Sportsmen who use performance enhancing drugs may suffer physical effects including liver and kidney damage, baldness, skin discolouration, testicular shrinkage, a higher voice, infertility and breast growth. Women however, may experience liver and kidney damage, deepening of the voice, breast reduction, menstrual cycle irregularities and facial hair growth. As well as these physical effects, men and women both can be subject to emotional distress, severe mood swings, hallucinations and violence on and off the field. Performance enhancing drugs, if taken by an adolescent, can cause long term health problems and stunt the person's further development. A recent study of high school students in America shows that statistics on students who used steroids rose from % of 40 kids to % of 40 kids in one year.
"Performance-enhancing drugs" (PED's) is used as an umbrella term to refer to substances and supplements that boost athletic performance. Types of performance-enhancing drugs include anabolic steroids, androstenedione, human growth hormone, erythropoietin, diuretics, creatine and stimulants—most of which are illegal and carry serious health risks.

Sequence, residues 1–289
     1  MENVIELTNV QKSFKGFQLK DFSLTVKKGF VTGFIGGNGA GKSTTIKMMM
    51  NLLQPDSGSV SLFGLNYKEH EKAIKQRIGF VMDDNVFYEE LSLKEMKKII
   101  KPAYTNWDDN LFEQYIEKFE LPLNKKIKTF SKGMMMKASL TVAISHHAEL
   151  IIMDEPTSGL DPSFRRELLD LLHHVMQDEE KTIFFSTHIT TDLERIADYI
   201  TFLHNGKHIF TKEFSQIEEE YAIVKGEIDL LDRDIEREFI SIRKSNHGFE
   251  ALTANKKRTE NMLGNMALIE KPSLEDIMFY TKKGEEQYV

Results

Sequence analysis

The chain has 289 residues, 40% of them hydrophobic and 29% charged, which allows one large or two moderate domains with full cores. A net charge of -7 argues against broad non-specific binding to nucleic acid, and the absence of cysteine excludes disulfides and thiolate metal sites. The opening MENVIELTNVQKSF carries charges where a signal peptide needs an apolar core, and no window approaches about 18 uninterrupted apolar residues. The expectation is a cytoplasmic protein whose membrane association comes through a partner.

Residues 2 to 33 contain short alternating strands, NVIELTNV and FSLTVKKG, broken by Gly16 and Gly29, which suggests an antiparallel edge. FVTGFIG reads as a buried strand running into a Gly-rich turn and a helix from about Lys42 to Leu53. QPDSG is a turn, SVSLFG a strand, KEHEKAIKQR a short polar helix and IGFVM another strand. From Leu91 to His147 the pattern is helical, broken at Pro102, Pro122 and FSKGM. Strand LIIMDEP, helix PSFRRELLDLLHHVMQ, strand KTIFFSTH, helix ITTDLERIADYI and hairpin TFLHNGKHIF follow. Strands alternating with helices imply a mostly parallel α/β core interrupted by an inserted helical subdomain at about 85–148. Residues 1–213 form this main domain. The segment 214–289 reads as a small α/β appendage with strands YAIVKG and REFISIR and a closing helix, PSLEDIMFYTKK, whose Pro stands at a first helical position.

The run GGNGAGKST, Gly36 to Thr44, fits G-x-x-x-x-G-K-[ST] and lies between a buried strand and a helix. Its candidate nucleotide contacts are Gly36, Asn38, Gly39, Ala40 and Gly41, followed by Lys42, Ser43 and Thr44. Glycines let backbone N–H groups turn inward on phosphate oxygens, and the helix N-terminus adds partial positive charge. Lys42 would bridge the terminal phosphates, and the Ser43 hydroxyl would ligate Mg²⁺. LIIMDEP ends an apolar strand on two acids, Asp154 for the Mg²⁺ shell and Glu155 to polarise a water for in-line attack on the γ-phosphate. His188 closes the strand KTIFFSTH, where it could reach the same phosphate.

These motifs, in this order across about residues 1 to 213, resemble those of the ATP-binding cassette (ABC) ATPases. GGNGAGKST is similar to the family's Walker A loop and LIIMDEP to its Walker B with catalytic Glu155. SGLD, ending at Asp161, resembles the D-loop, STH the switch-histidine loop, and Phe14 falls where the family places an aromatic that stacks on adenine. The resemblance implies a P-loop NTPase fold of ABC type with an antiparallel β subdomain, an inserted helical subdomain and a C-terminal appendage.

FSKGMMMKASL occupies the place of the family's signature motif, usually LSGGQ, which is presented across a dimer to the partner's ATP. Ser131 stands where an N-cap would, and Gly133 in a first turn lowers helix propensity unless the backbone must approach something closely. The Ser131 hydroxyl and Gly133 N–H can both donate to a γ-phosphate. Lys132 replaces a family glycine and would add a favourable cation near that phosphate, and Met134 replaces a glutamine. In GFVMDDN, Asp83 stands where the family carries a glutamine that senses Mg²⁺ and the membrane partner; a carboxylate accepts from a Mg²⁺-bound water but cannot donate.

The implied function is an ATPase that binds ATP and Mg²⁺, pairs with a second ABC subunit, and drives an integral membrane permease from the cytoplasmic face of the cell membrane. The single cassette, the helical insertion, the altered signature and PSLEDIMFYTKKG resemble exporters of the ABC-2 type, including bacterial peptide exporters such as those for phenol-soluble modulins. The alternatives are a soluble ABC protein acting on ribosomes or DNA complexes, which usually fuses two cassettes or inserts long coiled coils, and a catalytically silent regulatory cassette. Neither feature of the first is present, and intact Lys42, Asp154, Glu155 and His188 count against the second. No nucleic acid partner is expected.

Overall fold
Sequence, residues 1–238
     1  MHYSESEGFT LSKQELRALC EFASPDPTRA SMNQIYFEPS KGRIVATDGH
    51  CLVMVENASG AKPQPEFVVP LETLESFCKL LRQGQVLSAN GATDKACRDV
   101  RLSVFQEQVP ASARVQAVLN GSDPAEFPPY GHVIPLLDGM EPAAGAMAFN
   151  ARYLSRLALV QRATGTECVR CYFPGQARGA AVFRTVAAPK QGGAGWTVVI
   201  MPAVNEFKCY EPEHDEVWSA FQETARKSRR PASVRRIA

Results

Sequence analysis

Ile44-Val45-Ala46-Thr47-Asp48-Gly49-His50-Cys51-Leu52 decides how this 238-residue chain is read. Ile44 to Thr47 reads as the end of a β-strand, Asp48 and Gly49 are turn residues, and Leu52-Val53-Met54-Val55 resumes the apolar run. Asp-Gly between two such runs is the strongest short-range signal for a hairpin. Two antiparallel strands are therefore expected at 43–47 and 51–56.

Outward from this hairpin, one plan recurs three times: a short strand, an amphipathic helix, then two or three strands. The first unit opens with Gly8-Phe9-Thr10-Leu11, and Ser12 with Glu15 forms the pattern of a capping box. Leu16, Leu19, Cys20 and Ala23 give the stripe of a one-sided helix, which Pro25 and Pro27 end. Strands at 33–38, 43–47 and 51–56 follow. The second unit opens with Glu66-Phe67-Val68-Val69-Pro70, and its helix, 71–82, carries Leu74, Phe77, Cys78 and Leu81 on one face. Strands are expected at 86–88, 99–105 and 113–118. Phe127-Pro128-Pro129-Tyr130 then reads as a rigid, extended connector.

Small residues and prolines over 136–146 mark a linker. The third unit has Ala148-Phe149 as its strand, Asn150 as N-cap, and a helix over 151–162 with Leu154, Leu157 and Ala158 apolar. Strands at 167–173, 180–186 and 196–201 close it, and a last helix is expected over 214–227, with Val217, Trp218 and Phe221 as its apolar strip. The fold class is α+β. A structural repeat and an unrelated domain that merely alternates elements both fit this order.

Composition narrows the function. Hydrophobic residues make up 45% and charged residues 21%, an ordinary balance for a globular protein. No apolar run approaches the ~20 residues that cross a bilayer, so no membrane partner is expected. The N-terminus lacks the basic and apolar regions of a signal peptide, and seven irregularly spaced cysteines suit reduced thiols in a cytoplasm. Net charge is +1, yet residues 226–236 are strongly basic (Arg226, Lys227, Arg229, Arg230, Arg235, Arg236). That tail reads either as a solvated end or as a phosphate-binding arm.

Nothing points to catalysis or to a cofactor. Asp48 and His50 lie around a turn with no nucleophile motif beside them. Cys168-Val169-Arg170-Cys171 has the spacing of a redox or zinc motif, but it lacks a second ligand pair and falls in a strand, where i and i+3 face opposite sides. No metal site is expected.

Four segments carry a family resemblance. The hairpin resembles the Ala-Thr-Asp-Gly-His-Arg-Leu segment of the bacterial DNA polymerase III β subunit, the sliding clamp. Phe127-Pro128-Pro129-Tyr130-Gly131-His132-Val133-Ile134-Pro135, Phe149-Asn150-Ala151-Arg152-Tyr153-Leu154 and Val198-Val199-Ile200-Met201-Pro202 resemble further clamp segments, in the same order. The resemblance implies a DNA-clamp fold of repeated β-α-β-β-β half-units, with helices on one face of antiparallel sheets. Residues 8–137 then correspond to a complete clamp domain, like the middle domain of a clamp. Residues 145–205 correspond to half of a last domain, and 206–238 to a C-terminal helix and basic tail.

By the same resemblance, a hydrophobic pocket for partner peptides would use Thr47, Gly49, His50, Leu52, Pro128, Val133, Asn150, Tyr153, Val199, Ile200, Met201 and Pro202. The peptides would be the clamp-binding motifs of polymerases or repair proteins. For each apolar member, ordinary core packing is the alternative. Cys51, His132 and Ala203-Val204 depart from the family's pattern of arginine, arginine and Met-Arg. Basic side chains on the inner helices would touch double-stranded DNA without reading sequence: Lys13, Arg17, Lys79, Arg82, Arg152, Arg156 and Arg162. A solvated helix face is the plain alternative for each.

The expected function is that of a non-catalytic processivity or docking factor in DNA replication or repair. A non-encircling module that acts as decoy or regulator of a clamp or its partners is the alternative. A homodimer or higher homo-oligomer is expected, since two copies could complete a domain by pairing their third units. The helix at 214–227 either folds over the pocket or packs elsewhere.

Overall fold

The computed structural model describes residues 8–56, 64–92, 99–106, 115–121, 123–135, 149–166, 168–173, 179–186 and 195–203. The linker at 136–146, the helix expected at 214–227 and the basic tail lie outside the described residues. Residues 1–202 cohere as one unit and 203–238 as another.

Erythropoietin (EPO), used to boost aerobic capacity by increasing the number of red blood cells in the bloodstream (blood-doping), was banned by the International Olympic Commission in 1985 and outlawed in 1986, but has come under fire in recent years throughout the running and cycling worlds.
In January 2004, Major League Baseball announced a new drug policy which originally included random, offseason testing and 10-day suspensions for first-time offenders, 30-days for second-time offenders, 60-days for third-time offenders, and one year for fourth-time offenders, all without pay, in an effort to curtail performance-enhancing drug use (PED) in professional baseball. This policy strengthened baseball's pre-existing ban on controlled substances , including steroids, which has been in effect since 1991.  The policy was to be reviewed in 2008, but under pressure from the . Congress , on November 15, 2005, players and owners agreed to tougher penalties; a 50-game suspension for a first offense, a 100-game suspension for a second, and a lifetime ban for a third.